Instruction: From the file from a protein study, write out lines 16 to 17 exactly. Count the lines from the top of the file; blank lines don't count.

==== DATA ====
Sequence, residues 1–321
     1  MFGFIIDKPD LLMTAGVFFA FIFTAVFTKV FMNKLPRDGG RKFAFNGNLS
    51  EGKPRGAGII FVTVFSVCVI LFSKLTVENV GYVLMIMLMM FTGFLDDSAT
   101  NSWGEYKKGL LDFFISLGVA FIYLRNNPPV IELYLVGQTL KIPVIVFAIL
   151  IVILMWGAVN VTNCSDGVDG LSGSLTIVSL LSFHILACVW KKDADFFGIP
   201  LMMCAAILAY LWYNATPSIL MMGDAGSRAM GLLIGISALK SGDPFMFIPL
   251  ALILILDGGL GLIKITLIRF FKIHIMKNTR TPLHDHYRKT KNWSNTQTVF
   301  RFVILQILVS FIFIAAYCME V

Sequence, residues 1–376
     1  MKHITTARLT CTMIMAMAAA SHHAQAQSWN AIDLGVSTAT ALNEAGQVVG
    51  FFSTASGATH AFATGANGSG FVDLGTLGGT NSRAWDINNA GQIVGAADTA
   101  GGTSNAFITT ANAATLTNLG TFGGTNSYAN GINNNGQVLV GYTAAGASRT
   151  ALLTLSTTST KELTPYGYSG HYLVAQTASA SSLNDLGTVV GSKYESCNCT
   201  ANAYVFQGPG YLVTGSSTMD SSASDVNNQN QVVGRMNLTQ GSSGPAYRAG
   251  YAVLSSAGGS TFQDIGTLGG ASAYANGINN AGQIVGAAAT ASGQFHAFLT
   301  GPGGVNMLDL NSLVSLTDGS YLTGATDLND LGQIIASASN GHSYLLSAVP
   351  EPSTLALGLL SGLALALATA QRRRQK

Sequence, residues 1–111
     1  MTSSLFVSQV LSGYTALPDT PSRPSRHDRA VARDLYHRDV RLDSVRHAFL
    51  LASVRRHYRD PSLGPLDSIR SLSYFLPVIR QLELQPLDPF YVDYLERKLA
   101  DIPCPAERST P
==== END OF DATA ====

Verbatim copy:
   301  GPGGVNMLDL NSLVSLTDGS YLTGATDLND LGQIIASASN GHSYLLSAVP
   351  EPSTLALGLL SGLALALATA QRRRQK